Bioluminescent Bay in La Parguera, Puerto Rico (Also known as The Night I Swam with Jellyfish)

If you haven’t seen a bioluminescent bay in person, google it right now.  It’s incredible.  The water is full of dinoflagellates that glow blue when they move.  This means the water glows when you move (and when it’s dark enough out, of course).  There are quite a few bio bays around the world, but one of the best is found by La Parguera, Puerto Rico.  This cute little town was under construction when I last visited, but in theory it’ll be done by the time you make it there.  Either way, their bio bay operation is up and running!  If you sign up for this adventure, a lovely tour company will take you and your friends out on their boat at the optimal viewing time.  It takes about twenty minutes to get from the shore to the protected cove that is dark enough to see any form of bioluminescence.  The view at first is a little unimpressive, just dark water and stars.  Then the captain dives into the water and the ocean comes to life with sparkling blue creatures.

One not so brave soul in our group asked the captain what else was in the water.  Makes sense to me, black ocean that’s twenty or so feet deep make me question what could be in there too.  The captain assured us there might be a few schools of fish but that’s about it, and they’d be far too deep for us to notice.  So we hop in and become enchanted by the blue glitter that follows in our wake.  Almost everyone is now in the water when the first girl rushes back to the boat in tears.  She didn’t want to freak the rest of us out, but her bright red arm did that for us.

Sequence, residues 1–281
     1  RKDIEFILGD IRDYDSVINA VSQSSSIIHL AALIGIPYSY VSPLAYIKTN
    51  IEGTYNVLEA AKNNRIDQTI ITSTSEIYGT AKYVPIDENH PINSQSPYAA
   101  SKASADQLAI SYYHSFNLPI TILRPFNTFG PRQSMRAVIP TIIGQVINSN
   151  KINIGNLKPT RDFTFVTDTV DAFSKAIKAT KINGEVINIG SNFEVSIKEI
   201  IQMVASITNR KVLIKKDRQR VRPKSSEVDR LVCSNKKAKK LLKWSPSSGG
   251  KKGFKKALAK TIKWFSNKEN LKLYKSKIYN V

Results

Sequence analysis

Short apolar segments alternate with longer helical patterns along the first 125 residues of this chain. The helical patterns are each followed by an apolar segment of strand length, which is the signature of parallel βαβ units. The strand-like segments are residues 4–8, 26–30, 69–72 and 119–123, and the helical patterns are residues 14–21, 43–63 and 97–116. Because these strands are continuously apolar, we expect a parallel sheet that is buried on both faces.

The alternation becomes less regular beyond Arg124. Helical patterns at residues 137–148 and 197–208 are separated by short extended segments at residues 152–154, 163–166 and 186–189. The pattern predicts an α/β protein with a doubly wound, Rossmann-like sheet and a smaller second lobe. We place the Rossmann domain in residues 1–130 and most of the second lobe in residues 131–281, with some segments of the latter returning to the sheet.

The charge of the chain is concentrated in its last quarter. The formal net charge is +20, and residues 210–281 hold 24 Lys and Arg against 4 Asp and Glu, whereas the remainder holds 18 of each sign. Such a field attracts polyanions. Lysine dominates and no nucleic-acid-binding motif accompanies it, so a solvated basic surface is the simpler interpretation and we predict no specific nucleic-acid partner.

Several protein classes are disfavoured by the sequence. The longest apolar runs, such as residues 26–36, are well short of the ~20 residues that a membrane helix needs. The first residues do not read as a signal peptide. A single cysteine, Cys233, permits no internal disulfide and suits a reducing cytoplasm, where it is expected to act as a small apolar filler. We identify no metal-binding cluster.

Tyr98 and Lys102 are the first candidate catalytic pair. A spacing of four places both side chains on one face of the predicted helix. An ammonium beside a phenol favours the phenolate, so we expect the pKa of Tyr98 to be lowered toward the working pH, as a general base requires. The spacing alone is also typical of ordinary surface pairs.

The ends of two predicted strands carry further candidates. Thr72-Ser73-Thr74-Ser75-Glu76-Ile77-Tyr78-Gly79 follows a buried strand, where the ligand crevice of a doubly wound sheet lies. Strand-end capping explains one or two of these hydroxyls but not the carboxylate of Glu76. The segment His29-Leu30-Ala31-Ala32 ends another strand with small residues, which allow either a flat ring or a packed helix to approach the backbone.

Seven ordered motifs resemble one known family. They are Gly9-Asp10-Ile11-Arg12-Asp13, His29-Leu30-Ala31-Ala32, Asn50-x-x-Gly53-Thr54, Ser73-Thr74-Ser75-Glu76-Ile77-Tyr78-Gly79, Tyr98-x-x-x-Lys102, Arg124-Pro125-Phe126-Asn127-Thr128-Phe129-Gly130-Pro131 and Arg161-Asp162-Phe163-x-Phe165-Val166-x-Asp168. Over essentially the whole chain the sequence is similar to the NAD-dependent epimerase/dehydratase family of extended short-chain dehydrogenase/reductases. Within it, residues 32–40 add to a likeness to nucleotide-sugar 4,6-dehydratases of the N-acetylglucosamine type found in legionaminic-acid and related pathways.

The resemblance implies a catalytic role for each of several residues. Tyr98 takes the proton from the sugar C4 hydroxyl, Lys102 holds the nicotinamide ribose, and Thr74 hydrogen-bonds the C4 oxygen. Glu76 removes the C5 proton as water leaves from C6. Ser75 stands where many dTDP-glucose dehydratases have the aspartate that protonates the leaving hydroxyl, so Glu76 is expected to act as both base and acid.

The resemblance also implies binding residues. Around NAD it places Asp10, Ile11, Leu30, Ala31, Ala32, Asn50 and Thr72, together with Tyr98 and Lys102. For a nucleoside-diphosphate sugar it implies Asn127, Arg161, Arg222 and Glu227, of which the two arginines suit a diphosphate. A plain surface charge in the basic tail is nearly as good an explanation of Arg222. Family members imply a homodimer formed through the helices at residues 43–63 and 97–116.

Apparently the captain forgot to mention the swarm of jellyfish that enjoyed hanging out in the bay.  These weren’t normal jellyfish either.  Known as moon jellies, they prefer to swim upside down, as in tentacles up, and are found five to six feet below the surface.  If you’re short (like me) or aren’t a particularly rambunctious swimmer you won’t even know there’s jellyfish in the water.  Unfortunately for six of the eighteen of us, they didn’t fall into either category and came back to the boat sooner than they wanted with jellyfish stings in various places (mostly ankles and wrists).

But no worries, the pain only lasted a few hours and the redness went away by the next morning.  And I didn’t get stung, so even better.  Even if I had, the experience would have been well worth it to be able to say I went swimming with jellyfish.

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